Franklin — Franklin High School's production of "You Can't Take It With You" will feature more than enough crazy characters to fill the stage, especially since they're presenting the classic comedy with two full casts.

This year, according to director Richard Gould, a large number of students auditioned for the school's fall play. Opting to include more students and utilize even more talent, he and Kevin Nettesheim, the show's other director, split the show into two separate casts.

"When there were first auditions, there was a bunch of people that went out. And after that, (the directors) had realized that, wow, we have a lot of talent here ... and we want to share this amount of talent with everyone and create two casts," said freshman Grace Jazwiecki, who plays a character named Donald.

This is the first year FHS has put on a show with two different casts, with a total of about 40 student-actors, and the second year they will be performing in the new Saber Center. Each cast will perform in two of the four shows, presented at 6 p.m. Nov. 9 and 10, and 7 p.m. Nov. 11 and 12.

Twice as crazy

The play "You Can't Take It With You," by George Kaufman and Moss Hart, is known for its wide variety of quirky characters, further immortalized on the silver screen in 1938 by renown actors James Stewart, Lionel Barrymore and Jean Arthur.

So throughout the past few months, the directors have dealt with double the eccentric Russian dance instructors, pyrotechnic fathers, and clumsy ballerinas.

This wide variety of characters fit into the Sycamore family, whose idiosyncrasies lead the play to be filled with fireworks, fine art, and farce. Everything is as fine as it could be in the Sycamore household until Alice Sycamore gets engaged to Tony Kirby, whose family is far more straight-laced. When their two worlds collide, chaos ensues.

This chaos is one of junior Vincent Alcala's favorite parts, as he gets to interact with the Kirby family.

"I walk up to him — his name is Mr. Kirby — and I say, 'Oh you would make an excellent wrestler. Look, you're built for it!' And I grab him and I sweep his legs from underneath him and he goes down, and I get on top of him and people try and pull me off," said Alcala, who plays the family's Russian dance instructor Boris Kolenkhov. "It's really a great scene."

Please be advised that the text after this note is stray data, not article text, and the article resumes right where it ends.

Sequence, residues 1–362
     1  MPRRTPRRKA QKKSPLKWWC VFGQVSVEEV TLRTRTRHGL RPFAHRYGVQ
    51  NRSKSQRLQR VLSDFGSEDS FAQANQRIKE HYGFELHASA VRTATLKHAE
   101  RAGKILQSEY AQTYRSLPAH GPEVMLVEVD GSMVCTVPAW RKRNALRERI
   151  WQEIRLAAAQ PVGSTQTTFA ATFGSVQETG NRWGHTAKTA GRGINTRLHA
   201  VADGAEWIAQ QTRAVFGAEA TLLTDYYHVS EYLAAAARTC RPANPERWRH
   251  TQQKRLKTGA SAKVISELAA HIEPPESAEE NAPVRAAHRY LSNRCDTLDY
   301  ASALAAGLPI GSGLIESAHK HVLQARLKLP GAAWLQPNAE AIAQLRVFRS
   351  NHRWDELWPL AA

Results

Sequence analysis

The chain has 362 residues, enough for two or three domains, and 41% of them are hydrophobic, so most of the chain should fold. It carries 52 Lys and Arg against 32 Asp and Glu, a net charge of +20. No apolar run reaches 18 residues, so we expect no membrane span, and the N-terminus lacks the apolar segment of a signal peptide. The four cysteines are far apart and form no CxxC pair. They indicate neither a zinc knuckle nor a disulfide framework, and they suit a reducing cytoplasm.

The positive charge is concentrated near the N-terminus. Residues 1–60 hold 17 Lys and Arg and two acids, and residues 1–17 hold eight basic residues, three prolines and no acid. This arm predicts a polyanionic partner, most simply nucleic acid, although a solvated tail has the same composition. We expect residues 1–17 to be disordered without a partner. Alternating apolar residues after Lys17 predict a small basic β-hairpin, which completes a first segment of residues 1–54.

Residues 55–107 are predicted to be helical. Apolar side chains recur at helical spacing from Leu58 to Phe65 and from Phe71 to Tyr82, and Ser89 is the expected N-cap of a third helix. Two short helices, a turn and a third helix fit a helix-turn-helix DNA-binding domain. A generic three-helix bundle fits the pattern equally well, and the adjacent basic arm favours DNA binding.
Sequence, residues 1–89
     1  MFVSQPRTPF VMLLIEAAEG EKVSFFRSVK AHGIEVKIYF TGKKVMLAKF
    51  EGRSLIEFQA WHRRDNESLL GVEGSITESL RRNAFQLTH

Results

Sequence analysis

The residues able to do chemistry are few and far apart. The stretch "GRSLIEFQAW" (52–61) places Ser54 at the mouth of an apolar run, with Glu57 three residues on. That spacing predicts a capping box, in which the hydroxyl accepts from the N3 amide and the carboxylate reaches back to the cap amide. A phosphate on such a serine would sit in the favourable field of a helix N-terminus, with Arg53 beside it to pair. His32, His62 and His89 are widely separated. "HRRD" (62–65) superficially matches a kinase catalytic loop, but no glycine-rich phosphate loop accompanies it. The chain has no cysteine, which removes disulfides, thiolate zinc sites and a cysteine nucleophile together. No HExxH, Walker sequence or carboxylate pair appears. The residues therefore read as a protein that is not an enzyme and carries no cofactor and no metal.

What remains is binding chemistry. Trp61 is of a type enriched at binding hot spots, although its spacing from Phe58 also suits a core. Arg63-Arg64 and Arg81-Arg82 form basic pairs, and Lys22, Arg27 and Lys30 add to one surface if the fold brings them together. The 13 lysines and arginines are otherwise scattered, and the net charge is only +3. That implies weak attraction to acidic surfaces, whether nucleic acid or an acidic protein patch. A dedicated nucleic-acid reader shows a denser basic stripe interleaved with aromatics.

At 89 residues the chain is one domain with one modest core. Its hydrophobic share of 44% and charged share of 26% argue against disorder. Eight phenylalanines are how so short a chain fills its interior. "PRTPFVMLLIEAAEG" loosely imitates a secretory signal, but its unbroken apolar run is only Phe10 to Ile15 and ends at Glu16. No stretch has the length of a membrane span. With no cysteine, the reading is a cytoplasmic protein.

Unique to actors 

Though performing the same play, each cast has a different approach to the show, as the directors like to let the student-actors explore their characters and make them their own.

"We try to incorporate the actors' ideas and the actors' desires into what we do," Gould said. "If we feel it works well, we let them do it. We let the actors invest in the play itself."

In the end, FHS has two plays that are both exactly the same, yet entirely unique. And members from each cast say that they've worked hard to put on a play that they all love.

"Each cast is doing the show just a little bit different," said sophomore Megan Murray, who plays Duchess Olga Katrina. "We've put so much effort into it already and I feel like the casts are ... still connected in the way of we've all fallen for this play. We all love it."

Tickets to the show are available for purchase online now at the Saber Center's website, franklin.k12.wi.us/saber-center, or at the Saber Center's box office, 8222 S. 51st St. Student tickets are $8, adults $10, and tickets for seniors 65 and older $6.

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